“FFRDCs were established to provide the Department of Defense with unique analytical, engineering and research capabilities in many areas where the government cannot attract and retain personnel in sufficient depth and numbers. They also operate in the public interest free from organizational conflicts of interest and can therefore assist us in ways that our industry contractors cannot.”
Hon. Ashton B. Carter
Econometrics and optimization. Of the roughly $500 billion dollar annual defense budget, about 20 percent is used for procurement – buying systems for our armed forces to use, as opposed to developing new systems or maintaining the systems we already have. What we buy ranges from bullets to ballistic missiles, half-ton trucks to M1 tanks, and inflatable rafts to aircraft carriers. About $50 billion per year is spent on major defense acquisition programs (MDAPs), the most sophisticated and most expensive military systems. These are the nation’s investment portfolio against future military operational needs. Understanding the cost, schedule and risks of any one major program is complicated. Understanding their interactions and behavior as a portfolio is even more daunting.
IDA has been working with DoD to develop and improve a decision-support tool that models the cost and schedule of all MDAPs simultaneously. This tool, called “PortOpt,” allows DoD analysts to predict the likely cost and schedule impact of proposed procurement schedule changes, and to find practical schedules that minimize total procurement cost across all programs, given a fixed budget and fielding requirements. It also provides a means to estimate the overall cost and schedule impact on existing programs of adding a new program or cancelling a program. These capabilities have direct applications to affordability analysis, portfolio analysis, and reprogramming in response to unexpected budget reductions. PortOpt gives DoD the ability to identify – in days or weeks, rather than weeks or months – opportunities for savings, feasible responses to disruptions or impending budget crunches.
At the heart of PortOpt are two key analytical tools. The first is an econometric model of how future procurement costs for each program would vary as a function of production schedule. Because this is a causal model, sophisticated statistical techniques are required to distinguish the effect of schedule on cost from the equally common effect of cost on schedule, or the effect of technical challenges on both. The second key tool is a large mixed integer linear program (MILP) that approximately describes the problem of finding the minimum-cost set of simultaneous schedules subject to constraints on annual budget, latest permitted fielding dates, minimum and maximum production rates, plant capacity constraints and practical limits on which production schedules could be implemented in real life. The MILP uses piecewise-linear approximations to the econometric cost functions, resulting in a formulation with thousands of binary variables, tens of thousands of continuous variables, and tens of thousands of constraints.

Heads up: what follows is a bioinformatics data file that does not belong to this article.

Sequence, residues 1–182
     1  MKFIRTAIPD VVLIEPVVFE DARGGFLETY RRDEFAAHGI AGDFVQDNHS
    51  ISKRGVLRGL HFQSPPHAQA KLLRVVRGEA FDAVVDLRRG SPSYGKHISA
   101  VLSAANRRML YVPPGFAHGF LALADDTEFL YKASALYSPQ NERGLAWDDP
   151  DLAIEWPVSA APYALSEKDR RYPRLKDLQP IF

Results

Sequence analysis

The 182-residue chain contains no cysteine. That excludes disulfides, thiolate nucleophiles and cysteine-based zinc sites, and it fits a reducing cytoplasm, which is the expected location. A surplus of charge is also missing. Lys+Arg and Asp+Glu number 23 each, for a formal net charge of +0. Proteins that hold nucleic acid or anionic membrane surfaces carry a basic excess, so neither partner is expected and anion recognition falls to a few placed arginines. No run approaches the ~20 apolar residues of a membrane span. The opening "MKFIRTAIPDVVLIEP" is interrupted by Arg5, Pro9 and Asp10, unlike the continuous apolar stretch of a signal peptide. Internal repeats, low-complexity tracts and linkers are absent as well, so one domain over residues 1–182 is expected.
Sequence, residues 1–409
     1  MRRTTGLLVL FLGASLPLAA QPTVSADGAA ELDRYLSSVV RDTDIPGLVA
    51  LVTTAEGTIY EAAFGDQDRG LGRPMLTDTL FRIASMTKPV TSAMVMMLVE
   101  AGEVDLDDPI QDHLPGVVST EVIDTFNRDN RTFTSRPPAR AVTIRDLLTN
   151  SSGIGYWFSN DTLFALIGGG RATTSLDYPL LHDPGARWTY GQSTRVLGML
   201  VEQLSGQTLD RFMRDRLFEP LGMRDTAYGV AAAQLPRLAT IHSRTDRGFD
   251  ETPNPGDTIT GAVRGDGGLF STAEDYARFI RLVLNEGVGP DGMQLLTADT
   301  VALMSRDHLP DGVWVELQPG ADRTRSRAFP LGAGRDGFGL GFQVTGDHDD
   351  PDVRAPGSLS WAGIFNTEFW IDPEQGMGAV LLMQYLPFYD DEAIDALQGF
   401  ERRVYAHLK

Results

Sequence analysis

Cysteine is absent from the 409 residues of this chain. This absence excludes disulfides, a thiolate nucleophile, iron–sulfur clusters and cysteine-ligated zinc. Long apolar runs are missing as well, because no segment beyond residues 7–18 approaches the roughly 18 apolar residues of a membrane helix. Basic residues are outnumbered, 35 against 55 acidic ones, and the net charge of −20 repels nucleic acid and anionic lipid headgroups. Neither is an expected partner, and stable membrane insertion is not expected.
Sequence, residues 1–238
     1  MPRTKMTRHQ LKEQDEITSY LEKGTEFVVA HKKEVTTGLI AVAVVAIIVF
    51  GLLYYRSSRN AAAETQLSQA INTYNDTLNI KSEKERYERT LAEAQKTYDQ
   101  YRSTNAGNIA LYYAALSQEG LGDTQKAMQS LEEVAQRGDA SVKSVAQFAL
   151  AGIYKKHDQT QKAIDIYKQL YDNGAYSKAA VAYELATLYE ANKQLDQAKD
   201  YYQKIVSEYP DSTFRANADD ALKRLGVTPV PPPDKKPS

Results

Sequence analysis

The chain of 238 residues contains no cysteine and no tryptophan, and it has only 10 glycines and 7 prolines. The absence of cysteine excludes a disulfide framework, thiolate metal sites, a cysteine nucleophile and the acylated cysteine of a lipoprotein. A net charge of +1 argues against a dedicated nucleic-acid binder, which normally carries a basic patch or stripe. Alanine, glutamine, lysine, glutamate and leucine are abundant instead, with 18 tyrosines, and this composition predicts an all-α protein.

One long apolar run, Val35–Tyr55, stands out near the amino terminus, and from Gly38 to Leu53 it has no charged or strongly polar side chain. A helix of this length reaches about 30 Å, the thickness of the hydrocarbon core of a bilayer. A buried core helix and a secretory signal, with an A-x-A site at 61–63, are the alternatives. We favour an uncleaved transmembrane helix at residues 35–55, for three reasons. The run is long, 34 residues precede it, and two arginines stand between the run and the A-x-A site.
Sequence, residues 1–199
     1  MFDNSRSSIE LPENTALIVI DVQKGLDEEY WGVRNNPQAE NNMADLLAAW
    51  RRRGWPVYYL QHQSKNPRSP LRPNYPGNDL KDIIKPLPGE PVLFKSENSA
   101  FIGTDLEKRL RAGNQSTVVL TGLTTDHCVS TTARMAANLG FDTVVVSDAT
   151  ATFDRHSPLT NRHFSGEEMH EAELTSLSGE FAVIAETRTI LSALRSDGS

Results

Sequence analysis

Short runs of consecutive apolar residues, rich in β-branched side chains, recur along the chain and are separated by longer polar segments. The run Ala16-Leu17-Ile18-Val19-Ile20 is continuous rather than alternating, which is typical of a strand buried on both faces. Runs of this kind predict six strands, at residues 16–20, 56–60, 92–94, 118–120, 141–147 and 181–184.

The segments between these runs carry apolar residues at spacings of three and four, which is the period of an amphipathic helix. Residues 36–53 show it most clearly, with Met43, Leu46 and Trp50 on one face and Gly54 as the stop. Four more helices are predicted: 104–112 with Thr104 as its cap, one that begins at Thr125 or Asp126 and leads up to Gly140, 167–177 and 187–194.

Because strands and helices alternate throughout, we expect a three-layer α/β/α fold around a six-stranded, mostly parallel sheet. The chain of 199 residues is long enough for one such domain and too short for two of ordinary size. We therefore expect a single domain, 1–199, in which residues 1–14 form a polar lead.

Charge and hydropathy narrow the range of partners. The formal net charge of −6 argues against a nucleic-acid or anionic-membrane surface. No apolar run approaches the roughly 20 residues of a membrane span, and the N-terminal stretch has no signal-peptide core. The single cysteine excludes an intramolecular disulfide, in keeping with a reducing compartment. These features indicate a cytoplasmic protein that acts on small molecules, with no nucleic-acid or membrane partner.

Discrete event simulation modeling. IDA uses discrete event simulation modeling to assess defense weapon systems. A suite of similar models called IMEASURE, built with ExtendSim, examines various aircraft types; IDA has used these simulation models to examine fighters, helicopters, cargo aircraft and unmanned aerial systems.
Given a particular system’s reliability and maintainability (RAM) performance and a target operational capability metric, the model can be used to independently estimate maintenance manpower requirements by job specialty and/or appropriate spare stock levels. Alternatively, given a particular set of available maintenance manpower and spares stock, the model can assess the system’s operational capability (mission capable rate, sortie generation rate, operational availability). We often use the model at IDA to make assessments and predictions of operational test performance or to estimate program unknowns (e.g., manning or sparing resource requirements) to support independent cost estimates. Aside from the RAM inputs, there are many additional data and modeling assumptions required to run the model (aircraft turn durations, abort rates, mission schedule, etc.), contributing to the intractability of solving such analytical problems without simulation.
Cost/benefit analyses. For the U.S. Department of Homeland Security, IDA modeled the cost and benefits of early warning and detection technologies employed to defeat biological weapons attacks on major U.S. cities. This work involved modeling the dispersion of aerosolized pathogens in various venues such as an outdoor park in Chicago, O’Hare International Airport and Grand Central Terminal in New York City. The lifecycle costs and benefits (i.e., reduced mortality and morbidity) of these technologies were simulated over a range of pathogens, venues and operation cycles. The results suggest that net present value of all the technologies was positive.
Over the past 60 years, IDA researchers have been asked to provide independent analytic assessments and analyses on a wide range of public policy questions. In fact, the variety of interesting work is one of the oft-mentioned reasons why so many talented people enjoy working at IDA. The future looks to be no different. While it is not possible to predict with certainty the specific research questions that IDA will be asked, they will most assuredly continue to involve some of the more critical aspects of national security. And IDA analysts and researchers will continue to leverage the latest analytic techniques to provide government decision-makers with high-quality independent assessments.
David E. Hunter (email@example.com) is an assistant director in the Cost Analysis and Research Division (CARD) at the Institute for Defense Analyses (IDA), as well as IDA’s representative to the INFORMS Roundtable. He is a member of INFORMS.